But the evening’s main business was anthems. Garrett provided them in spades, and even took time off to lecture a parent in the audience about providing her kids with earplugs. “A four-year-old’s eardrum is very thin,” Garrett said, nervily, I thought. What crowd there was cheered noisily, but I still wondered if Midnight Oil cared that they’d blown their shot at superduperstardom. The only explanation I can come up with is that the album just didn’t cut it: absent most conspicuously was the media barrage that generally kicks off a selling spree. Midnight Oil didn’t make the cover of Spin or Musician. The long-awaited Rolling Stone feature came this month, but Garrett lost the cover to Bart Simpson. Anthems indeed. The 80s are over.
John Wesley Harding is an English singer-songwriter whose unfortunate similarities to Elvis Costello–he sings like him, engages in lots of wordplay, and uses two-thirds of Costello’s old band, the Attractions, as a rhythm section–might tend to obscure his talents. Harding is probably too smart for his own good, and unlike Costello sometimes takes refuge in a sentimentality that may yet prove fatal. But his easy, sometimes scintillating command of melody and ultimately winning personality somehow pull him through. What I thought was his first full album, Here Comes the Groom, came out soon after New Year’s; (preceded by a funny sampler called The Christmas EP). Back then, the Costello angle killed the record for me: one song, “You’re No Good,” sounded so much like an outtake from Trust that I threw up my hands in disgust.
But something about Harding is engaging. I recently found a record I didn’t know existed; called It Happened One Night, it’s an acoustic live show from November 1988 in London, on Demon Records. On it, Harding makes a pretty strong case for himself. (Demon, incidentally, is Costello’s English label; Harding also uses Costello’s publishing company, Plangent Visions. None of this is to suggest that Harding is in alter ego of Costello’s; it’s just funny.)
Onstage, Harding is witty and a wiseass: he originally came through Chicago early this year as an incongruous part of the Mighty Lemon Drops tour; later he appeared again with Michelle Shocked and agreeably played at the Earth Day celebration in Lincoln Park the next day. (He also did an unannounced set at Lounge Ax that night.) His finest moment was a song called “July 13th, 1985,” an amusingly unprincipled atomic-strength attack on LiveAid generally and on its fans, performers, and organizers in particular. Hilarious, but also–it seemed to me at the time–a bit smug. But on It Happened One Night Harding does it warmer and friendlier, and you can hear it in all its true glory. He neatly reams everyone from Bob Geldof and Everything but the Girl to the Cars and Paul McCartney. Even banalities are handled with panache (“I felt bad about the starving / But felt good to be alive”). And his articulation of the line “The music was fucking brilliant” is perfect.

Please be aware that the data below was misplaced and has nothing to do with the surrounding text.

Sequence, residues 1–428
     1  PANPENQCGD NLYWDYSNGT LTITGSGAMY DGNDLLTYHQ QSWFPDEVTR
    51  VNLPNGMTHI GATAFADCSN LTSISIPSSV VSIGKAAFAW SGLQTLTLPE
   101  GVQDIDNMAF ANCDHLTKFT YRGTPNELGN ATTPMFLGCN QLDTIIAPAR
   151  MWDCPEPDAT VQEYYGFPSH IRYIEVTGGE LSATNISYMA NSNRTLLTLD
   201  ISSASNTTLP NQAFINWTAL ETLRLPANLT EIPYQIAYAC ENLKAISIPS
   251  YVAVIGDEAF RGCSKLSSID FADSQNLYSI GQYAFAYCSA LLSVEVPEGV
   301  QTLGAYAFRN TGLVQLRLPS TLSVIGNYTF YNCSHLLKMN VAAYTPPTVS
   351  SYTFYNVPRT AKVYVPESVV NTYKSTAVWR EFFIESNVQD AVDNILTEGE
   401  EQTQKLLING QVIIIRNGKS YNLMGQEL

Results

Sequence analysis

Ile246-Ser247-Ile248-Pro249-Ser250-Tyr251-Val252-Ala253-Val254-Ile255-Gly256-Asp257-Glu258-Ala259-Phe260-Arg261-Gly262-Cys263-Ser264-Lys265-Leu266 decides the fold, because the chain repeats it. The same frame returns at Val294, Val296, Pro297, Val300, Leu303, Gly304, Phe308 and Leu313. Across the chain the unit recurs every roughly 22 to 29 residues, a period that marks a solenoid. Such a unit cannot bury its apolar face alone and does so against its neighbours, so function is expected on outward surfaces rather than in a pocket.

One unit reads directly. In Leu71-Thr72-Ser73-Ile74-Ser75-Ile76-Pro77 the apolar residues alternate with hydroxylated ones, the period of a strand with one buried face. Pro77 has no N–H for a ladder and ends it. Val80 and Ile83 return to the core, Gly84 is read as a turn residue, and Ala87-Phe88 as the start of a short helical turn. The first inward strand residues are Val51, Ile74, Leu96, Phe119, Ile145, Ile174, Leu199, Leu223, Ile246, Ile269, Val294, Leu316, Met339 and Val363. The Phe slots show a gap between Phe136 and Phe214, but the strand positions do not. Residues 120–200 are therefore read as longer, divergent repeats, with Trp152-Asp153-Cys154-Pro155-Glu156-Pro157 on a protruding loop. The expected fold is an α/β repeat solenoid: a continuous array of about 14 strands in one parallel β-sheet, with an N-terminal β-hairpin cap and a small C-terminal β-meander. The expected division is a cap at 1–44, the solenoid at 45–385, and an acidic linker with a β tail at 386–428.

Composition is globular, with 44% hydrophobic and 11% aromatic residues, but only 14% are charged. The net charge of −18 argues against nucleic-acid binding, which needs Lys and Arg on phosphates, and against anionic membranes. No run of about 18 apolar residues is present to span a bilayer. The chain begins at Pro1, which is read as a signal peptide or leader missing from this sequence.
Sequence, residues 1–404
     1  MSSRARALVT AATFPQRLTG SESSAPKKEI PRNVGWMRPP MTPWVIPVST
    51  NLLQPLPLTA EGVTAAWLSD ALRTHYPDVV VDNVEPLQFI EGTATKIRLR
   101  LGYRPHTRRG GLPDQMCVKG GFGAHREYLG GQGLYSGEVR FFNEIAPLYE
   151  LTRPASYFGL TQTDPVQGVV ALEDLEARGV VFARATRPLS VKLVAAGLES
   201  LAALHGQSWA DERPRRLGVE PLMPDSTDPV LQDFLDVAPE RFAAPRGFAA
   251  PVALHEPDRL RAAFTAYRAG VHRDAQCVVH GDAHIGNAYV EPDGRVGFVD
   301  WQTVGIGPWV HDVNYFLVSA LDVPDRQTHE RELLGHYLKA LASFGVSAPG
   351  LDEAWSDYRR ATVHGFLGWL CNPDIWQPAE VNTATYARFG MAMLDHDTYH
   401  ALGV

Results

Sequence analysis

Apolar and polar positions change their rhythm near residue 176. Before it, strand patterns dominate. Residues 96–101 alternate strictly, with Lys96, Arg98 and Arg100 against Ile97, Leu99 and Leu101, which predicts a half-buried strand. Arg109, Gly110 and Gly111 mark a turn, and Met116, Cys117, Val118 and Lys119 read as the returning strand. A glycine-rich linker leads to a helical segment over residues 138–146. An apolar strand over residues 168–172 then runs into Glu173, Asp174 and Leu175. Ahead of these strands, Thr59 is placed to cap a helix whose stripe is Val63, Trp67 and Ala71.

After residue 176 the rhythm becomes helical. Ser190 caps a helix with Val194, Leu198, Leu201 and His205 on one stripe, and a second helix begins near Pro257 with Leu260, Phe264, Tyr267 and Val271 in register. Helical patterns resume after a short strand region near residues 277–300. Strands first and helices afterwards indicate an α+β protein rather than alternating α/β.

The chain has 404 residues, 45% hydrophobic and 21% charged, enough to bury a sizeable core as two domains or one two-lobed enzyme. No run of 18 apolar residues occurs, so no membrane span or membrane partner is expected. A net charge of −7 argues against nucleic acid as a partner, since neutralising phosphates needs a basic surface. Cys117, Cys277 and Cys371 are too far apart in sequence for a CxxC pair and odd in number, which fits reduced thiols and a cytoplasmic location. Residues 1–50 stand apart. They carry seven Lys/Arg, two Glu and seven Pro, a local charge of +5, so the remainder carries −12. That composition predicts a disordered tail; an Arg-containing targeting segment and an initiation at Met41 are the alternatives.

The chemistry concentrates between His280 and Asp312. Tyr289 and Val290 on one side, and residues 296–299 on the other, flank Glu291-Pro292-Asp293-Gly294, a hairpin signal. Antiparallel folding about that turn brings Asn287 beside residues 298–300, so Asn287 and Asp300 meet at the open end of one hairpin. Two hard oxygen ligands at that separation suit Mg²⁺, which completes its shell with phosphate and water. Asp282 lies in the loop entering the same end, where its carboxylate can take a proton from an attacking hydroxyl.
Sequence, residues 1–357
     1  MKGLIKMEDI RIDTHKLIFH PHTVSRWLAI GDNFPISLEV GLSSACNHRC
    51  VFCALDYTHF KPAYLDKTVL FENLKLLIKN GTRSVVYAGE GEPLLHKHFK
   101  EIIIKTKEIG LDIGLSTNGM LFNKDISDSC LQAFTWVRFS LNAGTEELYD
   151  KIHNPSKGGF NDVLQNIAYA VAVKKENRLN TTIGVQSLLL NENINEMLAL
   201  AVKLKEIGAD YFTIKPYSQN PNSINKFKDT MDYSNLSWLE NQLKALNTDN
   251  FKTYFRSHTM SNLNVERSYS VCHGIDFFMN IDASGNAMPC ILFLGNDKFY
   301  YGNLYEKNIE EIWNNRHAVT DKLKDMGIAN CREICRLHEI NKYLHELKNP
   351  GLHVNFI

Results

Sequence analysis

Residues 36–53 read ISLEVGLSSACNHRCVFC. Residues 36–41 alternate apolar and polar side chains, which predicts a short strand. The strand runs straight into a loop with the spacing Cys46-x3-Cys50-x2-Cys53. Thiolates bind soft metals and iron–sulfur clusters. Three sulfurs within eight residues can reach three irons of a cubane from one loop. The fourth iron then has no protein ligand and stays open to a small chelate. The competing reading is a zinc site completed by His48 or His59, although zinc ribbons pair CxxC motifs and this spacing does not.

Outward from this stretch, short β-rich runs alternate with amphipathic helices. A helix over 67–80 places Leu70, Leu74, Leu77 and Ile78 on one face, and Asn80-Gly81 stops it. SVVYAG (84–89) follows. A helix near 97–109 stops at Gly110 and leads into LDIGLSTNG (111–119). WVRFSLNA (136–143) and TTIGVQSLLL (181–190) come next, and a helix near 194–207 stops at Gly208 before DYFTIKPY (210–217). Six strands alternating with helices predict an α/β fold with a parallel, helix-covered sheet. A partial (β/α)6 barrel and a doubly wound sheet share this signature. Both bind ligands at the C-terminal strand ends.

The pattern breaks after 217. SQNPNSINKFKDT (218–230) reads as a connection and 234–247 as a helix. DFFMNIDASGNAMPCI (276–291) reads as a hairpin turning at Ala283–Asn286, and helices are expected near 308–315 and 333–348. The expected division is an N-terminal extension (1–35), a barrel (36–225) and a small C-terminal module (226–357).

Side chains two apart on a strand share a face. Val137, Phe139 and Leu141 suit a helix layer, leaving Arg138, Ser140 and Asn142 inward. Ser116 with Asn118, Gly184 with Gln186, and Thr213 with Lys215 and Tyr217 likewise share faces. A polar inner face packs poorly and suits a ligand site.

Harding is quite canny about pop culture. “Bastard Son” is a heritage spoof that salutes Dylan, Joan Baez, Phil Ochs, and James Dean and has a nice joke about Leonard Cohen and Suzanne Vega. “Famous Man” is a wrong turn about Mark David Chapman, but it has a nice coda homage to Plastic Ono Band’s “Mother.” (On Here Comes the Groom there’s a ringing pop song called “Cathy’s New Clown” that does similar business with the Everly Brothers hit. Rock critics love stuff like this.) The jokey stuff is hit-or-miss, however; what I like best about It Happened One Night is the way Harding makes the ballads work as well. “Affairs of the Heart”, rolls out slow and languid, and “Careers Service” is a moving antiwork song.
Harding’s Christmas EP is almost a promotional item, though it was apparently released commercially as well. It consists of a lengthy interview with Harding and four musical tracks, including “Here Comes the Groom,” an acoustic cover of Madonna’s “Like a Prayer,” and a Christmas talking blues that gives the album its name. (The song was apparently recorded for a Warner Bros. Christmas sampler but got left off, for some reason.) The Madonna cover works; live, Harding says, “Two recent compositions of mine on the subject of religious protest have recently made the top five in the U.S.” and then goes into an acoustic medley of “Like a Prayer” and Depeche Mode’s “Personal Jesus.” (No, he didn’t write either of them.)
And Here Comes the Groom, on relistening, is a step forward. (Harding and Andy Paley, of the Paley Brothers, produced.) The title song is as good as anything Harding has written, a dissociative, almost paranoid stardom metaphor: “He looks into a mirror / Practicing his poise / But it reflects so badly / The groom just gets annoyed.” “The Devil in Me” is lesser stuff, a clumsy “Sympathy for the Devil” rewrite with a horror for a closing line: “You can call me humanity.” (People who come up with freshman-year observations like that don’t have much call to make fun of Don Henley.) But “Cathy’s New Clown” is fine stuff, and once you figure out that Harding has a head on his shoulders you give him some slack on his Costelloan mien. He was probably born that way.
Art accompanying story in printed newspaper (not available in this archive): photos/Paul Natkin, Melodie Gimple.